Cultivating Empathy

Ajahn Sucitto

Cultivating Empathy

The overarching Dhamma practice for the human realm–the realm of being affected by people and events, and by our moods, limitations and disappointments–is the cultivation of empathy (anukampa). This is the fellow-feeling that motivated the Buddha to teach; it’s the sense that we live in a shared scenario with its qualities, problems and potential. When it’s activated, it follows one or more of fou…

Recalling Ajahn Chah

Ajahn Pasanno

Recalling Ajahn Chah

I remember one time we were coming back from piṇḍapat (alms-round) and I was walking along behind him. My Thai was not so good, so I was just being respectful and walking close by him. We came in from the back of the monastery, and as we were walking through the forest, two lizards fell from a tree. Luang Por looked, then turned and said, ‘See those lizards, they were mating. If they weren’t cau…

A Gift of Dhamma

Ajahn Chah

A Gift of Dhamma

The subject of practice isn’t far away at all, it’s right here in our body and mind. Westerners and Thais are the same, they both have a body and mind. A confused body and mind means a confused person and a peaceful body and mind, a peaceful person. Actually, the mind, like rain water, is pure in its natural state. If we were to drop green coloring into clear rain water, however, it would turn gre…

Red-Hot Coal and Bird

Ajahn Chah

Red-Hot Coal and Bird

The household life is easy and difficult at the same time. It’s easy to understand what to do, but difficult to do it. It’s as if you were holding a piece of red-hot coal in your hand and came to me complaining about it. I’d tell you to simply let go of it, but you’d refuse saying, “I want it to be cold.” Well, either you drop it, or you must learn to be very, very patient. “How can I just drop it…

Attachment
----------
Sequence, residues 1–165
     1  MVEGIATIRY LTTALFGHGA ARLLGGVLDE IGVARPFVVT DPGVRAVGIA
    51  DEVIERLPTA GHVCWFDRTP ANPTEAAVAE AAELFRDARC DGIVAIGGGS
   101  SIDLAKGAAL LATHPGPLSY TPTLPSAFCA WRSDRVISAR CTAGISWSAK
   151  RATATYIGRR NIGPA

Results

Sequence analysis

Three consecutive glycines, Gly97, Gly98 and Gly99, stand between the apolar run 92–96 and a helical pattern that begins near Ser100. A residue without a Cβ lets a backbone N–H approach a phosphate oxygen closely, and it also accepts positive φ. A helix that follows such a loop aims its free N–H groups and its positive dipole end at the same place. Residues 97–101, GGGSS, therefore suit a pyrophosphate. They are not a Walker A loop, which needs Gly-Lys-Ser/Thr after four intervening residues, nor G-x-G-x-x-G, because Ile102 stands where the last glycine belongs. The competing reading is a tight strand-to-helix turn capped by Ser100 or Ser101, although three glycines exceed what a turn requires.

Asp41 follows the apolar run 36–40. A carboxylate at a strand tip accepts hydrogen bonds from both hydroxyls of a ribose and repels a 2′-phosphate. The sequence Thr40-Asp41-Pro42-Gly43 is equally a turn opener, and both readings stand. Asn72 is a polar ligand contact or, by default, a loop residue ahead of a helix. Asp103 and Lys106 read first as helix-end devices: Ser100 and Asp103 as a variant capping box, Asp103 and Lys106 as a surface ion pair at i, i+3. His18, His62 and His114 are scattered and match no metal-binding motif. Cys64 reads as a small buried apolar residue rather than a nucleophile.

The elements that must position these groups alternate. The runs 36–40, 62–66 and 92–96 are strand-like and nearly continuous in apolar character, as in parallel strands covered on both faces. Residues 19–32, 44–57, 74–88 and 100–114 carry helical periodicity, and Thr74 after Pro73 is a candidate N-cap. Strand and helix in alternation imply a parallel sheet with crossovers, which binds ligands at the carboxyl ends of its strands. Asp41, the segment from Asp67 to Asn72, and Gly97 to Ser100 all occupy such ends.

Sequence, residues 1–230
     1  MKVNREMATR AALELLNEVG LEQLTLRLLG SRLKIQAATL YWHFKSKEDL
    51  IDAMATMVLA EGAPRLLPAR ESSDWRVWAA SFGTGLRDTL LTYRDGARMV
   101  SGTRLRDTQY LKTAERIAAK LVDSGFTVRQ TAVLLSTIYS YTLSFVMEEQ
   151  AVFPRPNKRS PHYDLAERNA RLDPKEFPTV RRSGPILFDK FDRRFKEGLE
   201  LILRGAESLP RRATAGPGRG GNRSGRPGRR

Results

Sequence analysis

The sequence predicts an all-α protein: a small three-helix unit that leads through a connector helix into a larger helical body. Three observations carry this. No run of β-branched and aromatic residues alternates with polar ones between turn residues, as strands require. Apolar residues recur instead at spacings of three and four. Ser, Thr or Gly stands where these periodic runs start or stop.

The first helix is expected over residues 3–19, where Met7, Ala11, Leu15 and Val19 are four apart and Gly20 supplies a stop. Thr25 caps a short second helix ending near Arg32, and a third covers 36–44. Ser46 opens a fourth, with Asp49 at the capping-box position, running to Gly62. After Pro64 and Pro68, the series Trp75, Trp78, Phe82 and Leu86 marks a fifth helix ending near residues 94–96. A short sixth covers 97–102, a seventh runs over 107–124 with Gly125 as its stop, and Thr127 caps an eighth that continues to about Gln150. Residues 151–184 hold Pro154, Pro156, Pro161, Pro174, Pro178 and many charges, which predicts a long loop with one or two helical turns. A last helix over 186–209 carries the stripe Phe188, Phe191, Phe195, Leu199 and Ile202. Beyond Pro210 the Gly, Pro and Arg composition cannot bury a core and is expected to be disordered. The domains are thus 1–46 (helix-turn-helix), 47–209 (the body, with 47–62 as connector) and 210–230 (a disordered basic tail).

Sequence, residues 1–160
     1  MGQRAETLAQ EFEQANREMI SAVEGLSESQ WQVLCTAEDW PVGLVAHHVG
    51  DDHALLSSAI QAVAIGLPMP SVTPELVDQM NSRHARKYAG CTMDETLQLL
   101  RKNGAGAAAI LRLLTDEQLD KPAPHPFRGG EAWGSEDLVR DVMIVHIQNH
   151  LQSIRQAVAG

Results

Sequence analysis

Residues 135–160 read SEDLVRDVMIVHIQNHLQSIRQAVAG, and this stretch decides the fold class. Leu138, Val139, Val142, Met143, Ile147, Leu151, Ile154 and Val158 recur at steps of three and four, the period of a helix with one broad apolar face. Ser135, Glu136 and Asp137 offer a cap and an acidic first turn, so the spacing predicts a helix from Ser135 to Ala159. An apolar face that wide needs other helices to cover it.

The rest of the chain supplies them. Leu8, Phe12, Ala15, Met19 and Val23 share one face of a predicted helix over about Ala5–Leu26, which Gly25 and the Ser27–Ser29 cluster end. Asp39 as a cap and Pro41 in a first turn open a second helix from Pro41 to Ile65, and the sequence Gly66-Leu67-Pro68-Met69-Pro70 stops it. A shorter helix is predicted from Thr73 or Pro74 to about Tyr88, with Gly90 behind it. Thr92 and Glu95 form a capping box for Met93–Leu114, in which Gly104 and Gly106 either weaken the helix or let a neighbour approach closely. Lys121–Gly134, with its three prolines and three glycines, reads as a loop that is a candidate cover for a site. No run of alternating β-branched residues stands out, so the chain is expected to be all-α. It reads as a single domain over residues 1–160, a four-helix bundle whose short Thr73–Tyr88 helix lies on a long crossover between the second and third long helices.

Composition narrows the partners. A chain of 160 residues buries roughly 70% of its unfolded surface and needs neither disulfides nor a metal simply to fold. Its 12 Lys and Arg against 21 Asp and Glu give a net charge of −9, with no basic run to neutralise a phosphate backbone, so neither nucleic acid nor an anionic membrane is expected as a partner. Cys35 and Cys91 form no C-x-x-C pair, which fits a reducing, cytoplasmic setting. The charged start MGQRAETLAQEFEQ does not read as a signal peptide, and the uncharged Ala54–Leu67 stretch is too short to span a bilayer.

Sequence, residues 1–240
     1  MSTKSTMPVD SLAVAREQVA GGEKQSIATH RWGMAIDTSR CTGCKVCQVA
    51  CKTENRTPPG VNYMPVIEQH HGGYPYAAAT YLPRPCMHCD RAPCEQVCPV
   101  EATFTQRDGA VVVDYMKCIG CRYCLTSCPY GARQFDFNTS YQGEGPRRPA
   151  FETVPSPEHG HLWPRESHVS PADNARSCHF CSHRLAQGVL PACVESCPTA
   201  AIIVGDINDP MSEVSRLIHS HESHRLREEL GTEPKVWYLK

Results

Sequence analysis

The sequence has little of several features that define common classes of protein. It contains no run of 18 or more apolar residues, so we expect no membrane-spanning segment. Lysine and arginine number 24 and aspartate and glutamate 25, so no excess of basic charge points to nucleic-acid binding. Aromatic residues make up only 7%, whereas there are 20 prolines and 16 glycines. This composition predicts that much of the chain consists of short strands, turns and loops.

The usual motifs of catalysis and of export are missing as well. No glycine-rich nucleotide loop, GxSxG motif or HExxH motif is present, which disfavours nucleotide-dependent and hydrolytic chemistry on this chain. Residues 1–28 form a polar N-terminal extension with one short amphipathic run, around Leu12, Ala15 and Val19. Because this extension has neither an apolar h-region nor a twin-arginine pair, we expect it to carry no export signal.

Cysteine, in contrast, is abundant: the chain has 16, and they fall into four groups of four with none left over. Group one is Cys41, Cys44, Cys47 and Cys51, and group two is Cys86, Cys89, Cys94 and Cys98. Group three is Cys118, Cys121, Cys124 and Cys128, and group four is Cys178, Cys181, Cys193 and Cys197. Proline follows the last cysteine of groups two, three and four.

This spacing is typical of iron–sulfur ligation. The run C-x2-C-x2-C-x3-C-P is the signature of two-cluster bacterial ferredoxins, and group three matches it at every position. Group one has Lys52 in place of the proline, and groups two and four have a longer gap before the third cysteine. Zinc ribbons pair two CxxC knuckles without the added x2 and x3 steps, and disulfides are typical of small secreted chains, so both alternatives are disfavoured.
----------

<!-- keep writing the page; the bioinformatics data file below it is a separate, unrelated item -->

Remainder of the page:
Gratitude for Opportunities

Ajahn Sumedho

Gratitude for Opportunities

At a time like this, we should also consider expressing kataññu [Pali for gratitude] to the country we live in, because usually we take this for granted. But we can remember the benefits, the good things made available to us by the state and society, rather than just emphasizing what’s wrong or what we do not like. Kataññu allows us to bring into consciousness all the positive things concerned…

Following the Footsteps

Ajahn Liem

Following the Footsteps

Our teacher, the Lord Buddha, was born on the bare earth under a Sala-tree in Lumbini. He was enlightened sitting on the bare earth with just a thin cushion of grass beneath, under the Bodhi-tree in Bodhgaya. He entered final nibbana lying down on the bare earth, under a Sala-tree, with merely his outer robe underneath. Nothing more than that. His whole life the Buddha spent on the earth and under…

Abhayagiri Is Complete

Ajahn Amaro

Abhayagiri Is Complete

Yesterday, when some of us were walking around…we saw many new kuṭis and the new workshop which were all built over the last couple of years since I departed. These were things that Luang Por Pasanno, myself, and others would fantasize about. It’d be a nice place to have a kuṭi there, or we could do this here, or maybe we should put the workshop there. Many of these things have suddenly become a…

Abhayagiri--What's in a Name?

Ajahn Amaro

Abhayagiri--What's in a Name?

How we name things is important. When contemplating what to call the monastery in Redwood Valley, Mendocino County, California, a number of different possibilities were considered. Since we were the fortunate beneficiaries of the generosity of Ven. Master Hsüan Hua in receiving the initial gift of 120 acres of land in Redwood Valley, it was obvious that it would be appropriate to somehow reflect…

Luang Por

Ajahn Jayasaro

Luang Por

You were a fountain of cool stream water in the square of a dusty town, and you were the source of that stream, on a high, unseen peak. You were, Luang Por, that mountain itself, unmoved, but variously seen. Luang Por, you were never one person, you were always the same. You were the child laughing at the Emperor’s new clothes, and ours. You were a demand to be awake, the mirror of our faults, rut…

Knowing the World

Ajahn Liem

Knowing the World

“They are the Blessed One’s disciples who have practised well. Who have practised directly. Who have practised insightfully. Those who practice with integrity.” These four attributes, or ways of referring to the Sangha, are like the ‘footsteps of the Enlightened Ones’. We show our reverence and respect for these virtuous qualities of Sangha which follow on from the Noble Triple Gem. Within these q…